New president to be a Vincentian to Vincentians

12 Mar 2008

By The Record

By Paul Gray
The new National President of the St Vincent de Paul Society is a 36-year veteran of the charity’s work who hopes to become a “Vincentian to the Vincentians.”

Syd Tutton


Syd Tutton from Victoria takes over the national leadership role this month and aims to “encourage, inspire, challenge and support” the Society throughout Australia.
While the St Vincent de Paul Society has grown as a national organization in recent years, Mr Tutton remains an ‘old school’ Vincentian who continues to undertake the Society’s core work of visitation of the poor and needy in their own homes, through his local conference of the Society in Melbourne.
“Visitation of the poor is the heart of the Society’s work,” he told The Record. “It reflects the ethos and culture of Frederic Ozanam.
“Going to people in their homes is a special privilege. St Vincent de Paul said that even in the middle of Mass, if you hear the call of the poor, you should leave Mass aside for a few moments and go and attend to them.”
But despite this idealism, there are challenges facing the leadership of the St Vincent de Paul Society, as there are challenges facing all arms of the Church in Australia today.
One of those challenges is the ageing of its membership.
Mr Tutton says the Society has commissioned a study called the Generation X report, a comprehensive study of the generational aspect of the Society’s work conducted by Marist priest and author Fr Gerry Arbuckle.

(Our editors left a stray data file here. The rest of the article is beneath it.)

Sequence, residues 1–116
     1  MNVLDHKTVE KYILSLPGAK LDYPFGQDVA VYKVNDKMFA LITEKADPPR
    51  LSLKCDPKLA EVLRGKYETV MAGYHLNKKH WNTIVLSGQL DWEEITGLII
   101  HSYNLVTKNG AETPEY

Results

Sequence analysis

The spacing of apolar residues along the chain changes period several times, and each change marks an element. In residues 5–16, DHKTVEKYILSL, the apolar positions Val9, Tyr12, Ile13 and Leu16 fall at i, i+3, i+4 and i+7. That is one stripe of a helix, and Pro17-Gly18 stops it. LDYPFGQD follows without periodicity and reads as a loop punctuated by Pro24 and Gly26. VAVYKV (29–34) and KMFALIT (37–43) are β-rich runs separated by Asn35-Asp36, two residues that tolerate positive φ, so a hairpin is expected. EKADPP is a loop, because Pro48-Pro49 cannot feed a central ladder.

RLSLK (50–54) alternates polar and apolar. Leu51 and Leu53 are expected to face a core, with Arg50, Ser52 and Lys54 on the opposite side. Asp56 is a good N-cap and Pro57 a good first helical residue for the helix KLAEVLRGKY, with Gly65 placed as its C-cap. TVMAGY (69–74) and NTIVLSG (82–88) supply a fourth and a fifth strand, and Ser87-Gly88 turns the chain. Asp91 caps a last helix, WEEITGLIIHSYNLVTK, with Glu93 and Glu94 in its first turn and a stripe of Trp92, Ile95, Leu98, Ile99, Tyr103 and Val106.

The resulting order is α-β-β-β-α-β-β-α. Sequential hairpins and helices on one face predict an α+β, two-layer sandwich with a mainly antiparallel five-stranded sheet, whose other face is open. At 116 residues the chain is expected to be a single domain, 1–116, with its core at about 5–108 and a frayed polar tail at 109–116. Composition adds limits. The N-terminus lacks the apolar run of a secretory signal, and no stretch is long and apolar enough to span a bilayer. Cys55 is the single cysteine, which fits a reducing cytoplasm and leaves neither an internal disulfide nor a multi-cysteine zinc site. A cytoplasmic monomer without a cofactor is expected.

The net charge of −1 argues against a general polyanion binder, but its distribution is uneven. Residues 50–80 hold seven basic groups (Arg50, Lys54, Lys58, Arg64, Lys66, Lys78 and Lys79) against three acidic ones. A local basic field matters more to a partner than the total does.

As a result of this report, a “re-founding process” for the Society is underway nationally, Mr Tutton says. To support this process, a workshop is being put together which will be undertaken by all state branches.
Mr Tutton also places hope in World Youth Day, which could provide an injection of youth into the Society’s future work.
“We hope there will be a spin-off from World Youth Day that is not just triumphalism but regeneration,” he says.
To foster this hope, a “Vincentian Day” has been set down for July 16, as part of the World Youth Day celebrations. The Vincentian Day, which is also the feast of Our Lady of Carmel, will be the day after Pope Benedict arrives in Sydney.
The St Vincent de Paul Society is sponsoring members to come from all around Asia and Oceania to be part of the celebration. “There will be members from Sri Lanka, Myanmar, Papua New Guinea, the Philippines, Cambodia and other countries,” he says.
Importantly, these visitors will be young. Mr Tutton hopes the sight of young overseas Vincentians will inspire young Australian Catholics who gather for World Youth Day.
“I hope it will capture that fire and spirit in our work,” he says.
The new National President still feels plenty of that fire and spirit himself. He describes the Vincentian ethos as the core of his faith.
“Jesus’ message is love, and the people Jesus loved most were the poor and marginalized.” Mr Tutton says he does not want to appear “holy-moly,” but meeting the poor in the face-to-face situation of Vincentian work “fires you with idealism.”